I’m sure you’ve seen it before: You’re scrolling through Facebook—and bam! A butt picture. Your friend’s baby is crawling naked on the floor, bare butt and everything. Then you see another friend’s video of her son taking a bath, never mind that his privates are available for all to see. While I’m not normally a paranoid person, in this case, I don’t think parents should post naked or nearly-naked photos of their kids online.
Regardless of age—from baby up to the teen years—kids’ naked pictures shouldn’t make their way for the public eye to see. Why?
Misuse and abuse of the photographs
The most obvious reason people shouldn’t post naked photos of their kids online is the misuse and abuse of these photos: they can get into the wrong hands. Worst case scenario is some random perv gets a hold of the photos and does who knows what with them.
Even with privacy settings on Facebook, I wouldn’t want anyone—harmless relatives or those with unknown sinister purposes—to be able to download and share pictures of my kids.
Modern times has never been so different with the advent of the internet and its digital archives. Just the other day, I overhead a coworker saying he didn’t take to a particular interviewee after he found some questionable photos of her on social media. And with photos galore, our kids are leaving a long trail of their digital imprints for anyone to see.
These are unlikely cases, but possibilities still. People in high-profile positions haven’t had to deal with a massive digital archive as our kids will face in the future. We have yet to see these circumstances in wide view because the generation who will face them haven’t grown up yet.
Not-so-distant future implications
I mention our kids’ futures as adults, especially the risk of their personal childhood lives exposed against their wishes. But consider your kids’ not-so-distant futures: What happens when they’re in elementary school? Junior high and high school?
Classmates might dig up embarrassing photos and stories of your kids online. And while adults have the temperament to chuckle and find the photos amusing, kids are subject to feel embarrassed or hurt if they find that others have seen their naked photos.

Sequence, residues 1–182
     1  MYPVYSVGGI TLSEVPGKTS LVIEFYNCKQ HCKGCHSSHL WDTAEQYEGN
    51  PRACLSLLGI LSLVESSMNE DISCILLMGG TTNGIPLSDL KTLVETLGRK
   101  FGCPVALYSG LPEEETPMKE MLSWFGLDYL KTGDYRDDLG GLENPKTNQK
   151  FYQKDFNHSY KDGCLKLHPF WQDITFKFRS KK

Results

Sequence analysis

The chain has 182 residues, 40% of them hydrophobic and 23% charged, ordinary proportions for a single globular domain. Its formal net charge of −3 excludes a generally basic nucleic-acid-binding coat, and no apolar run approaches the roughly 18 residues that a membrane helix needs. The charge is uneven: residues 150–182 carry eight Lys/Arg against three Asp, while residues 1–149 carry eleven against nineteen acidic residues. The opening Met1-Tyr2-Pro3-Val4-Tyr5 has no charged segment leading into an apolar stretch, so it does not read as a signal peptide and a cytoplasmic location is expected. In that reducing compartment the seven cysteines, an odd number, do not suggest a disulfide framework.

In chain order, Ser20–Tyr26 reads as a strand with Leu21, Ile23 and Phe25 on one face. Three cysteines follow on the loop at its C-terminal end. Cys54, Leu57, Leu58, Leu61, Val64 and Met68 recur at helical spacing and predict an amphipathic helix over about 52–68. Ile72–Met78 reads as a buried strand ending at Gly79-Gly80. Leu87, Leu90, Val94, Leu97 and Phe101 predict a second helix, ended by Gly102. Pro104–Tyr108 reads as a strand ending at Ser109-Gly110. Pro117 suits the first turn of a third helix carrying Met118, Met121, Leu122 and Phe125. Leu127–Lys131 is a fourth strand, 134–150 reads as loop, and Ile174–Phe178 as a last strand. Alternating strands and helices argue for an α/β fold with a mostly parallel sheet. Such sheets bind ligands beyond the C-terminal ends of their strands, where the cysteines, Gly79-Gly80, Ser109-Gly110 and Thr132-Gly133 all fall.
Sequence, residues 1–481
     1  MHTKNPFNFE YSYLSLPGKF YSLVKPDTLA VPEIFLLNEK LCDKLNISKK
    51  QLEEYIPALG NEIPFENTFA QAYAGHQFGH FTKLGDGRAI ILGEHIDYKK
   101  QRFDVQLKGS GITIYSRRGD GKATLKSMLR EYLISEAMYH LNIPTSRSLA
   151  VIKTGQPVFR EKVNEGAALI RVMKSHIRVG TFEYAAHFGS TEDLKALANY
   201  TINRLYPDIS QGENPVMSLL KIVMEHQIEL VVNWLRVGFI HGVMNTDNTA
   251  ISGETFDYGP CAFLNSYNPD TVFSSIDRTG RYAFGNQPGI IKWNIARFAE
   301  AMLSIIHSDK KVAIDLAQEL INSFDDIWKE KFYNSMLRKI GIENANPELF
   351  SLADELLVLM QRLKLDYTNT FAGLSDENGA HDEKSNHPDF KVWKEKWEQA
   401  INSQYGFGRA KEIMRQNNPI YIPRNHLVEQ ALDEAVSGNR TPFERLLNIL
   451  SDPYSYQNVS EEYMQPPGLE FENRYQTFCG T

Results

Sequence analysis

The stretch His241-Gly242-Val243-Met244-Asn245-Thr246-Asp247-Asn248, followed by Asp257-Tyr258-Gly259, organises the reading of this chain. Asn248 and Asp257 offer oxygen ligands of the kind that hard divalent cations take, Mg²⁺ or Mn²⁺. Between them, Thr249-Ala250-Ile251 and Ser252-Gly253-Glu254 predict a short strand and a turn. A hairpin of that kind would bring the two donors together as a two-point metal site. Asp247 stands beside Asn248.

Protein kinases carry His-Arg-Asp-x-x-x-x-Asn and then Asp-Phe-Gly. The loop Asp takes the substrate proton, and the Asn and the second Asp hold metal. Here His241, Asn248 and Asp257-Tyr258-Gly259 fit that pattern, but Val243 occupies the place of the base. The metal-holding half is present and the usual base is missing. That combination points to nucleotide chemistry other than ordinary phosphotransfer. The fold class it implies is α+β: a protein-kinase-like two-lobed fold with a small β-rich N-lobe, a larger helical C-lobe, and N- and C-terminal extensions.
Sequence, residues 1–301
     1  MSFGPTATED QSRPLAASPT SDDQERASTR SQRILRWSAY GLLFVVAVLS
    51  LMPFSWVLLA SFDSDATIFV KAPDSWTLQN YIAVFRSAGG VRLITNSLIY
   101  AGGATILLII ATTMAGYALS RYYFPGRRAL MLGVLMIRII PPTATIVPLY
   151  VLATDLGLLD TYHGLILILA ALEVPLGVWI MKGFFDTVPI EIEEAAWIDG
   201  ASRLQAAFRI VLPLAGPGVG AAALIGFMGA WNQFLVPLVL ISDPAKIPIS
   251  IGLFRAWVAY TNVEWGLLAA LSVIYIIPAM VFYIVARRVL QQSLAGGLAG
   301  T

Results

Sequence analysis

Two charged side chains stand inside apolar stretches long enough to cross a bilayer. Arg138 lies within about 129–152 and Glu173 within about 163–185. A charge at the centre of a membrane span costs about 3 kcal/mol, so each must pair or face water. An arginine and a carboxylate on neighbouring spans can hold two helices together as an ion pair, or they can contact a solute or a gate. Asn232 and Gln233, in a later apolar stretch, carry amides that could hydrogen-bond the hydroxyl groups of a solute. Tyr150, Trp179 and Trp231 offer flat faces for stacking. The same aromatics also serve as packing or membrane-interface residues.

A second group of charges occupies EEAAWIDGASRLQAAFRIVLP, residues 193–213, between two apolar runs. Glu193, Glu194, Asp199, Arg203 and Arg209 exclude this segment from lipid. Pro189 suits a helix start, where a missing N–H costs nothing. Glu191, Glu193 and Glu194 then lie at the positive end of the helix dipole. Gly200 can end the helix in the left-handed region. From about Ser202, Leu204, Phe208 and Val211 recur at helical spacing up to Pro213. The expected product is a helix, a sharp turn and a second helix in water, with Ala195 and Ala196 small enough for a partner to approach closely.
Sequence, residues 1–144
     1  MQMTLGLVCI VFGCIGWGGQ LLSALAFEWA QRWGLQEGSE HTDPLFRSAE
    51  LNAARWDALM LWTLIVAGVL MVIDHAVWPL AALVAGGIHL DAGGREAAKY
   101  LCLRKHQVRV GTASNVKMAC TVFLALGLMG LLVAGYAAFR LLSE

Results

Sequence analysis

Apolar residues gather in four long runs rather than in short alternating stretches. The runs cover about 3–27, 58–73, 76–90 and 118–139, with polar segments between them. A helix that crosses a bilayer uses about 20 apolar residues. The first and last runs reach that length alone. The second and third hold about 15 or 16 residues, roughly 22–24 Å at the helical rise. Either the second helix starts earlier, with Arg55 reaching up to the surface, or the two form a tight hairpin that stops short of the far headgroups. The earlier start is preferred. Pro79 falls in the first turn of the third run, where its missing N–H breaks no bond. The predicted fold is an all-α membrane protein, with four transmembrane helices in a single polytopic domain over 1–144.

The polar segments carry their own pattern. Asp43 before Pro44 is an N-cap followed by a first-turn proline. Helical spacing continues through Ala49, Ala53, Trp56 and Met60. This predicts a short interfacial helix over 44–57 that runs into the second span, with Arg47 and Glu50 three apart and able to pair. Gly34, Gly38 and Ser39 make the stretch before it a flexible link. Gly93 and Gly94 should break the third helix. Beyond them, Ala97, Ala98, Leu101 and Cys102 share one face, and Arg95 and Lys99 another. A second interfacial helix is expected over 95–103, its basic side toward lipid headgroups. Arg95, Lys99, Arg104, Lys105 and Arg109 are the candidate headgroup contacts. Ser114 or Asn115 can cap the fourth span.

We’re constantly teaching our kids about privacy: Don’t let anyone touch your privates. You have a right to be on your own if you don’t want company. And for older kids, don’t share too much of yourself or your information online. Don’t go with with strangers. Don’t reveal more than you need to.
Yet what about uploading naked photos of them? How can we teach our kids about privacy when we’re doing the opposite?
The other side
Still, I can see the other side to this topic, and I know other people feel it’s fine to post photos of naked kids online. I got into a discussion with a cousin of mine about this, and he brought up several compelling points:
- Even if a child did grow up to be in the limelight like the president, most people wouldn’t castigate him for “posing” nude. They wouldn’t hold it against the child or his parents that naked childhood photos surfaced.
- Adults (including some of us) might not resent our own parents for having taken and shown naked photos of us when we were kids (although I would still argue that a decades-old photo album isn’t the same as an online presence).
- Internet safety is an issue, but living in fear isn’t healthy.
- Another “should” or “shouldn’t” advice adds yet more noise to the already-crowded parenting arena, feeding yet more guilt and fear into our heads.
Want to read more posts about safety and privacy? Check these out:
- 7 Smart Ways to Protect Your Child from Predators
- Child Sexual Abuse: What You Can Do to Protect Your Kids
- Are You Sharing Too Much of Your Kids Online?
As I love discussions, including views similar and different to mine, I turn to you:
What do you think? Do you post naked photos of your kids online? If so, where—social media, blogs, photo programs? Where do you draw the line for what is and isn’t appropriate? Could posting photos of naked kids be all right up to a certain age? Do you think posting photos of kids online now might cause problems for them in their future? Share your opinions in the comments!
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